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The one truly great – and truly humble – presidential memoir

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(Read caption) Grant's presidential memoir is a standout because of its honesty. Grant takes the blame for military setbacks in several cases and also admits that he may sometimes have judged subordinates unfairly.

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Edith Piaf, eat your heart out.

Dick Cheney isn't haunted by bad choices, at least not his own. The same goes for George W. Bush, Bill Clinton, and Jimmy Carter. Even Richard Nixon was hard pressed to find ways he screwed up.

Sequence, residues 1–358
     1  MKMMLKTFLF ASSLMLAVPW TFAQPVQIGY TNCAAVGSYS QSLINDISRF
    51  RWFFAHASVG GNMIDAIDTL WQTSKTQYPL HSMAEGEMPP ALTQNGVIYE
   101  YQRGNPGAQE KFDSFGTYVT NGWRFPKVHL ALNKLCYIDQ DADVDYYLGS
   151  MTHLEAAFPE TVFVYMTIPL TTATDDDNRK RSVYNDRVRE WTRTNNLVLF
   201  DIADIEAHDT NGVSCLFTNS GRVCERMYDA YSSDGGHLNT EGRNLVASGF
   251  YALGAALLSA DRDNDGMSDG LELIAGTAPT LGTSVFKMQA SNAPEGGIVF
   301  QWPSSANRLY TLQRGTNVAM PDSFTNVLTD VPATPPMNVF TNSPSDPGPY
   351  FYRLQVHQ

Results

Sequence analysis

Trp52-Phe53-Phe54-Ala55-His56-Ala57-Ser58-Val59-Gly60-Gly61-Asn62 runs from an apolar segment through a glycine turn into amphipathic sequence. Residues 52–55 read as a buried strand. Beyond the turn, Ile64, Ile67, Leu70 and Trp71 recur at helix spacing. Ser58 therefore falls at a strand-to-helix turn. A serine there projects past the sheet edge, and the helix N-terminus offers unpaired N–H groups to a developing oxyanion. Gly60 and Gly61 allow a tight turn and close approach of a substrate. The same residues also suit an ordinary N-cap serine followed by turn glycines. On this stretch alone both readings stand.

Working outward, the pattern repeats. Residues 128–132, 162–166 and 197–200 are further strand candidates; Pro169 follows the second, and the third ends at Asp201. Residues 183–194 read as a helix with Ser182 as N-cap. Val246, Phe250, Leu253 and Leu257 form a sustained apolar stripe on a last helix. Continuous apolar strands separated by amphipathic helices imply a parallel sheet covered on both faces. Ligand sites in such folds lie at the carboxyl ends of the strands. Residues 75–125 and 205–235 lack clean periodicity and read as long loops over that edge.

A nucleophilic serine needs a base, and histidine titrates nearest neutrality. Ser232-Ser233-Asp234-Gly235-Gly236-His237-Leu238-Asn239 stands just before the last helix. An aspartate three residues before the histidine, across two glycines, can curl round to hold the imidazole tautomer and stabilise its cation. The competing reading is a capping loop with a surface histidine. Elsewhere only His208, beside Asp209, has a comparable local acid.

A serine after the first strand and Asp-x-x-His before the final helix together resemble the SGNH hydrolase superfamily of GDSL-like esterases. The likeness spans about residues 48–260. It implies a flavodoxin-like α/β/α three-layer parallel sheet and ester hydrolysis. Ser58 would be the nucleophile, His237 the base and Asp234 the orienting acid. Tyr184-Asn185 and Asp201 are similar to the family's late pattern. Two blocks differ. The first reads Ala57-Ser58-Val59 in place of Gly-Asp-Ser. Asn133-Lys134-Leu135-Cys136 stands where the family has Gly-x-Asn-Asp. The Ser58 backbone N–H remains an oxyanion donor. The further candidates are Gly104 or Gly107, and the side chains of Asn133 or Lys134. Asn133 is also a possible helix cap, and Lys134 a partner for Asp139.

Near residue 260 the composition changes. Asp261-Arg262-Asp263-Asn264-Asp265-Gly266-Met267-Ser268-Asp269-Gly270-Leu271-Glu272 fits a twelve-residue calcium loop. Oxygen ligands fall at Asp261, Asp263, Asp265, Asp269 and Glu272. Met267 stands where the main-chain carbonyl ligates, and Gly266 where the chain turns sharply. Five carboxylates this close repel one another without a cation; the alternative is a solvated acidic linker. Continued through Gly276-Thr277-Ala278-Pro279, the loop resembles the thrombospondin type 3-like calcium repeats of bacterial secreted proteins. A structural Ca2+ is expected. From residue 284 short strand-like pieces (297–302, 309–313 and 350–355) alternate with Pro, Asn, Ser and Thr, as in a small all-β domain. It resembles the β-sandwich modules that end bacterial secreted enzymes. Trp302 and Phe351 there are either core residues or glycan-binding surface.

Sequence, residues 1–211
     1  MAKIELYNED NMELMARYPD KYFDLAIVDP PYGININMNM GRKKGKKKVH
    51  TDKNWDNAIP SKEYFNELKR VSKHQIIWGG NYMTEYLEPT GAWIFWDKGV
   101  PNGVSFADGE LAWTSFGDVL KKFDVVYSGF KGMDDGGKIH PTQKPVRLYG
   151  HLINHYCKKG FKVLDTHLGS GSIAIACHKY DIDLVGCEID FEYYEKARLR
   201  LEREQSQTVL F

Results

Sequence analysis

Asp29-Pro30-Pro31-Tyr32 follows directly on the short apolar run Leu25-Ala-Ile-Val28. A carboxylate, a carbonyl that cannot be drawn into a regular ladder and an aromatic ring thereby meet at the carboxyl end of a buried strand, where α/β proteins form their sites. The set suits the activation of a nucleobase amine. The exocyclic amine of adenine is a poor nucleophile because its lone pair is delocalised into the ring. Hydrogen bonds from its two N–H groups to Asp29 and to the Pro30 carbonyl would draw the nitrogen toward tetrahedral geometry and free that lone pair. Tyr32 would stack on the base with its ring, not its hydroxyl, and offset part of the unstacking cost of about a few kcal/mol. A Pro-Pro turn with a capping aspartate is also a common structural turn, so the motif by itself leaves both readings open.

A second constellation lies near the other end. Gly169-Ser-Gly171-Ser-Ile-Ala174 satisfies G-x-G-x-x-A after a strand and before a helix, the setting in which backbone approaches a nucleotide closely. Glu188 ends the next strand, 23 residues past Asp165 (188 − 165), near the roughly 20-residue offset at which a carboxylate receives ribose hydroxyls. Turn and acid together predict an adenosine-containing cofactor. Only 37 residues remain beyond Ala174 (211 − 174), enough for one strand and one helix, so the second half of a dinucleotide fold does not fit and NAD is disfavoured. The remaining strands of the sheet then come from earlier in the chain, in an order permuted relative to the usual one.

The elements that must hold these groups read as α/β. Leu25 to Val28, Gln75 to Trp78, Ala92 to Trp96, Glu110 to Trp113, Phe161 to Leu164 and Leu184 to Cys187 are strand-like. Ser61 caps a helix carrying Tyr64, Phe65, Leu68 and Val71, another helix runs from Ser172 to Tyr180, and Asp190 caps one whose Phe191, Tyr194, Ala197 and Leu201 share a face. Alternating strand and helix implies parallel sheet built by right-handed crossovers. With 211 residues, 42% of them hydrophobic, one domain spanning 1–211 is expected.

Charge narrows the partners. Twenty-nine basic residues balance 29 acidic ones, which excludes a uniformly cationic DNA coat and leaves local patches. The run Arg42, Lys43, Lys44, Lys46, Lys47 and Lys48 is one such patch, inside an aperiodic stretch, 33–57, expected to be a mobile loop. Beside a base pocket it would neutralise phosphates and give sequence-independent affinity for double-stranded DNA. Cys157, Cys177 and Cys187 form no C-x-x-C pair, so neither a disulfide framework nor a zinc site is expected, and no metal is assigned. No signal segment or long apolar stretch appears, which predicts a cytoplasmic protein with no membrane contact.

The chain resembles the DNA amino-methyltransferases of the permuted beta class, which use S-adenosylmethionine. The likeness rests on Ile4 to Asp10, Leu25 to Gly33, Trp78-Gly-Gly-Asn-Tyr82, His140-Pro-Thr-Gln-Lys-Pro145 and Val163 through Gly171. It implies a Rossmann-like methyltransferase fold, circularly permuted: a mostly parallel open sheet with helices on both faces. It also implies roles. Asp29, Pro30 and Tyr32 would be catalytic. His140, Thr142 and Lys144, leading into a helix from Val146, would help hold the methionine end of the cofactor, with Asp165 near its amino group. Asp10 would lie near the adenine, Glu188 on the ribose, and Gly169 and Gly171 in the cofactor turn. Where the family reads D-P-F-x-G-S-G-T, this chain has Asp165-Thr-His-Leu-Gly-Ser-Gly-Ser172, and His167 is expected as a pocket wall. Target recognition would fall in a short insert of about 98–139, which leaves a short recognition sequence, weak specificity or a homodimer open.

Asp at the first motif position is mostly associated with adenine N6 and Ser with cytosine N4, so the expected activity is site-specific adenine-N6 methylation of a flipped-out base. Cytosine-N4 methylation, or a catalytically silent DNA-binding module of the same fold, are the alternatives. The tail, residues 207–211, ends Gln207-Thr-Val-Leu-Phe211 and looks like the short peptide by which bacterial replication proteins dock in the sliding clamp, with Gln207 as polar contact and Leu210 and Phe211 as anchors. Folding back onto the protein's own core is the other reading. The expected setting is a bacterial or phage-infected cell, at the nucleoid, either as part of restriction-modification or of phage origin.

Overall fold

How do we know? Their memoirs – including Cheney's new one – say so. But when it comes to books by men who lived in the White House (and the guy in the previous sentence who acted like he did), one president's memoirs stand apart because of their humility. In fact, many historians consider the Personal Memoirs of Ulysses S. Grant to be the best of the bunch.

Yes, President Grant, the one with the alleged drinking problem. The one who once had a rock-bottom reputation among historians. And, of course, the one with the tomb. (No, his name is not the answer to the "Who's Buried In Grant's Tomb?" riddle. It's a trick question: He's technically entombed. Now you know!)


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